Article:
The best starter is made from wild yeast growing on grape skins. (It is responsible for the distinctive white coating found on grapes.) Unsprayed fruit from your own garden are a great starting point.
Yeast is a living organism and your starter will initially be vulnerable to infection by other, more fit organisms. Therefore, for the first few weeks cleanliness is very important: the new starter must be protected from contamination from tools, bowls, or gauze used in bread making, and from fruit fly infestation. As it ages, the starter becomes stronger and more resistant to invasive yeasts or bacteria.
Start with a 2 L container made of glass or plastic. Pour in a glass (250 mL) of wheat flour of type 450 to 550, add 2 glasses of lukewarm pre-boiled or filtered water, and mix with a wooden fork (excellent for breaking up flour granules) or spoon. Don’t use this utensil for anything else to avoid infecting the starter.
Place a glass of unsprayed grapes on a piece of two-layer gauze bought at the pharmacy. Tie up the gauze with a strong thread, creating a bundle, and cut off the excess fabric. Place the grape bundle in the water-flour mixture. Cover the container with many layers of gauze or a tea towel, tightly tying it with string to keep any insects out (but allow air in). Store the container in a warm (but not hot) place, say next to a radiator or on an electric blanket on its lowest setting. An electric blanket is worth buying if you don’t have one, as you’ll get to use it every time you make bread.
Over the next 3 days, stir the contents of the container 3–4 times a day using the dedicated utensil. The grape bundle will occasionally inflate like a balloon due to the ongoing fermentation and float to the surface. When this happens, compress it gently against the container wall to force the bundle contents to mix with those of the container. At this stage the mixture may take on changing colors depending on the variety of grapes used. Gradually, bubbles should start appearing on the surface.
After three days sign of fermentation should be clearly visible on the mixture’s surface. Remove the grape bundle, squeeze its liquid contents into the starter container, and discard the bundle. You now have the beginnings of a starter, but it is still too vulnerable and weak for use in bread making.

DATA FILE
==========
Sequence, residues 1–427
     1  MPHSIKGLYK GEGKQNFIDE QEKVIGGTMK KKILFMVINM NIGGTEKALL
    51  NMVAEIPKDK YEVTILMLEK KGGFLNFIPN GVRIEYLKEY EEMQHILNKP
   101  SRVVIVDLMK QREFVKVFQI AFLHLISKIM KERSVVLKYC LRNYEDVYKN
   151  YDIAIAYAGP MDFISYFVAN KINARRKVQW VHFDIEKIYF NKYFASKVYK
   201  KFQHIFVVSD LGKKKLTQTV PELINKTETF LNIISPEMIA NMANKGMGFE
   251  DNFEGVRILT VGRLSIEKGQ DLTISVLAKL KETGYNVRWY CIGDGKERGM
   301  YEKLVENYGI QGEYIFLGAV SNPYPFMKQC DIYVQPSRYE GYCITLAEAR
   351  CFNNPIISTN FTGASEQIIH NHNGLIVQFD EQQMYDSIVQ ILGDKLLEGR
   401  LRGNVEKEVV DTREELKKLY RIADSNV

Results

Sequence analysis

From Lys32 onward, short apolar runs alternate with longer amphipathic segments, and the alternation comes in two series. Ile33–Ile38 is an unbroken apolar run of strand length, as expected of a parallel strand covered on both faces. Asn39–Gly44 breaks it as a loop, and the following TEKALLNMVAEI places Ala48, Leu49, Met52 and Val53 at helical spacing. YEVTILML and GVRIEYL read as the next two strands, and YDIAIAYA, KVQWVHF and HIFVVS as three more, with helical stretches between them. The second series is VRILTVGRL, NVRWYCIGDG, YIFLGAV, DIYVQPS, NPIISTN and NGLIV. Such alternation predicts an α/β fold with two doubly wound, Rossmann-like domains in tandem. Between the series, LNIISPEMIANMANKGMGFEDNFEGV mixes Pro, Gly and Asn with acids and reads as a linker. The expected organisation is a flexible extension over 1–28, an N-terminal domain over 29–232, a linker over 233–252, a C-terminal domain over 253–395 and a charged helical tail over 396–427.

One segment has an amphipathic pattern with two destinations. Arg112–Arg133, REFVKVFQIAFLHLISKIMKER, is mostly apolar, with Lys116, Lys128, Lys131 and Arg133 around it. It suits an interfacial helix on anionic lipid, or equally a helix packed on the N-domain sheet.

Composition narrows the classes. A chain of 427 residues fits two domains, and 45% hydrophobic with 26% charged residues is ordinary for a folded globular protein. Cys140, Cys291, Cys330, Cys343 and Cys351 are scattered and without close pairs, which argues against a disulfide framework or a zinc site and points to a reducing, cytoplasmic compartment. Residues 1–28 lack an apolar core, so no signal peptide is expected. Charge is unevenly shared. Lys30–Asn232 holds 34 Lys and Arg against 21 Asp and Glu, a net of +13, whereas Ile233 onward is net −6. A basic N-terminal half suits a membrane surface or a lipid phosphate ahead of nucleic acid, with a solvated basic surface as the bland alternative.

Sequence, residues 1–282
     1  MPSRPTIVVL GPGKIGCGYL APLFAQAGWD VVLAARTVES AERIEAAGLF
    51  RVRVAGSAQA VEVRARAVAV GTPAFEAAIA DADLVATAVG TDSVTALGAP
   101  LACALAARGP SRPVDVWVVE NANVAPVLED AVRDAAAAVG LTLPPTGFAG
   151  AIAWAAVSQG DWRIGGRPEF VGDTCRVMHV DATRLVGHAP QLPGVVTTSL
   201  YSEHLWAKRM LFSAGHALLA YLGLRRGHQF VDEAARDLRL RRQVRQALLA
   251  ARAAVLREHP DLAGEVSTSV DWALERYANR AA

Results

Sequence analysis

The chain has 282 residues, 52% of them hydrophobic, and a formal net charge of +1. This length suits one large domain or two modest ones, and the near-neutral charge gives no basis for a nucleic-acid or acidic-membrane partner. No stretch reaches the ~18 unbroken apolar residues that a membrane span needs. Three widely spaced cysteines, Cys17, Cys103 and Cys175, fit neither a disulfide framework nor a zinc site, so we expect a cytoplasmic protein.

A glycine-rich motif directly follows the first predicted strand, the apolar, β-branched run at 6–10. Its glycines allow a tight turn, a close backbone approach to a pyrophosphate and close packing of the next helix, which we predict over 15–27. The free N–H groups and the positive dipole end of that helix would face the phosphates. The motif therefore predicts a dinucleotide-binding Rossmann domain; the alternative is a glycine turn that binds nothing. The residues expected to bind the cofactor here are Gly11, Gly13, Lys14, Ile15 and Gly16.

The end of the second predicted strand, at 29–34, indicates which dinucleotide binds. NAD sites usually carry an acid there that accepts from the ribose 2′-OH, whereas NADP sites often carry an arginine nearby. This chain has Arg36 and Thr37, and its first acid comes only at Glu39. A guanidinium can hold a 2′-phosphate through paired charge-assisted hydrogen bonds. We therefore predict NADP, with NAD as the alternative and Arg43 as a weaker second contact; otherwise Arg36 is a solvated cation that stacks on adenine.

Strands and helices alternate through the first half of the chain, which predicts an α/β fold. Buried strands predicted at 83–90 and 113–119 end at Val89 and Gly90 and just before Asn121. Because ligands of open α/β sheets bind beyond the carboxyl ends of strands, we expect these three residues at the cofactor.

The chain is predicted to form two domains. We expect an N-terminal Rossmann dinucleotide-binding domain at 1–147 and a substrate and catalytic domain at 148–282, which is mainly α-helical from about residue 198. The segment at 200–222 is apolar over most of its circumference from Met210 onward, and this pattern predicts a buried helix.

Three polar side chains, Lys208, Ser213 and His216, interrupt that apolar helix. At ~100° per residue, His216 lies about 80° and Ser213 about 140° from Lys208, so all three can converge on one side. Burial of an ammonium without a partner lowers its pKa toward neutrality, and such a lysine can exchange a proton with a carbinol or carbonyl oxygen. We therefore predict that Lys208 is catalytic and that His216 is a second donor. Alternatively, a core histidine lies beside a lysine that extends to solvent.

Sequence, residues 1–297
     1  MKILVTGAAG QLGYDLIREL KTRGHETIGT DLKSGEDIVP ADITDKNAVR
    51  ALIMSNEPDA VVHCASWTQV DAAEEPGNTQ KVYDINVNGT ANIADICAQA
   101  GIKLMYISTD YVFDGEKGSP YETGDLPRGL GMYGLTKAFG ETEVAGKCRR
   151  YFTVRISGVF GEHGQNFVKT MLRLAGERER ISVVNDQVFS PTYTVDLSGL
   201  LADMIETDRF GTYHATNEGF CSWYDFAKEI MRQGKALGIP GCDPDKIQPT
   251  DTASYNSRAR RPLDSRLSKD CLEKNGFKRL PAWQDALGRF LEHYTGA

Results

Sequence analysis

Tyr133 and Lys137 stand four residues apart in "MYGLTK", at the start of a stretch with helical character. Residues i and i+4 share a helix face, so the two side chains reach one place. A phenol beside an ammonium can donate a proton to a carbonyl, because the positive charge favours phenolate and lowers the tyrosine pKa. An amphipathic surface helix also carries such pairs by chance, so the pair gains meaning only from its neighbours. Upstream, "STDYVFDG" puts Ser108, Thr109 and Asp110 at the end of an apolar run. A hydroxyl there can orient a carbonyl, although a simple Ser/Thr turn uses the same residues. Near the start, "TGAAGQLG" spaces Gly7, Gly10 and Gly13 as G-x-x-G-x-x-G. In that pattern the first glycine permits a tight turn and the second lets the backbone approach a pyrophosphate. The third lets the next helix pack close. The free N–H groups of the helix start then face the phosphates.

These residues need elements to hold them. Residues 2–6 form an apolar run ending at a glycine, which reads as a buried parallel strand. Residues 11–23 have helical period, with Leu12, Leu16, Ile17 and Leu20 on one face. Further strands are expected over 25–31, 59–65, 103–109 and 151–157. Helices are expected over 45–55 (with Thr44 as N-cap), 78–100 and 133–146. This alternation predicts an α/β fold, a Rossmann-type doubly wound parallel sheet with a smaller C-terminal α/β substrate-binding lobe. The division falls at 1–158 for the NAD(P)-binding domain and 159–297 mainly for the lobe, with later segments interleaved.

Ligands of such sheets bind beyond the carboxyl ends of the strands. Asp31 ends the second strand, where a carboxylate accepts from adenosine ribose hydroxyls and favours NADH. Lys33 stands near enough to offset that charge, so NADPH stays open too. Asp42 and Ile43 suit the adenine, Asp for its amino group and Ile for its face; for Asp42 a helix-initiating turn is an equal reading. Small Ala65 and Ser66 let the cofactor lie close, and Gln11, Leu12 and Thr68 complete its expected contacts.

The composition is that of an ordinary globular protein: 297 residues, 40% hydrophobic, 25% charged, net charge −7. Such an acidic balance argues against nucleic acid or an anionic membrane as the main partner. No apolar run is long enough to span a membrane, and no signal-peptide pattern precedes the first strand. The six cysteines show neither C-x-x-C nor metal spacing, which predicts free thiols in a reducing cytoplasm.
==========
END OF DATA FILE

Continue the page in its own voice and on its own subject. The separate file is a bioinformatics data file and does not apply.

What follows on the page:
Over the next ten days, the starter will be tempered. Stir the contents of the container and discard all but a glass of it into the sink. At this stage, you can transfer the remaining starter into a smaller, 1 L container. Add half a glass of flour to the starter, pour in enough lukewarm water for the mixture to have the consistency of heavy cream, stir with the wooden utensil (feel free to ignore any flour granules), cover it up as described above, and store it in a warm place. This feeding cycle should be repeated every 8 hours, remembering to discard excess starter at every stage. Throwing out your lovingly cultivated starter may seem barbaric, but otherwise you would soon need to move the culture into a bath tub. Discarding excess starter also decreases the amount of flour needed.
If the 8 hour feeding cycle can’t be reconciled with your other commitments, you can increase the amount of flour added by 50% and feed the starter every 12 hours instead.
After the ten days the starter should be ready to use. It must still be protected from infection (it’s best to dedicate a container, utensil, and covering tea towel exclusively to the starter), but you are now ready to make bread.
From now on, the starter will spend most of its time in the fridge. To make bread, you must remove the starter from the fridge and let it recover using the following procedure:
- Remove the starter from the fridge. Add 2/3 of a glass of flour and some lukewarm water, stir the mixture, and store it in a warm place for 8 hours.
- Discard all but a glass of starter. Add 3/4 of a glass of flour and some lukewarm water, stir the mixture, and store it in a warm place for another 8 hours.
- Put all but a glass of starter (so, the bulk of it) in a separate container: this is the starter you will use for making bread now. Add some flour and lukewarm water to the glass of starter remaining in the container and return the container to the fridge for future use.
I have been baking bread at least once a week since 2006, and this cycle keeps my starter in good condition.
If you plan on taking a longer break from baking, you can freeze the starter for many months. After defrosting, you should go through as many cycles of feeding as necessary until the starter looks active and ready to use eight hours after feeding (as shown on the picture above).
Another long-term storage solution is to dry the starter. To do so, smear out freshly fed starter over parchment paper and thoroughly (to avoid mold infection) dry it in a dark, well-ventilated room. Once it’s dry, the starter will peel off of the paper as flakes; these flakes can be stored for many months in an airtight container in a cool, dark, and dry place. To activate the starter, place it in a small amount of water, let it ferment and acquire a sour smell, and then feed it for a few cycles until it becomes fully active.
If you ever lose your starter or are not interested in cultivating it from scratch, I am happy to send you some of the batch I have been maintaining since 2006. You can order it here.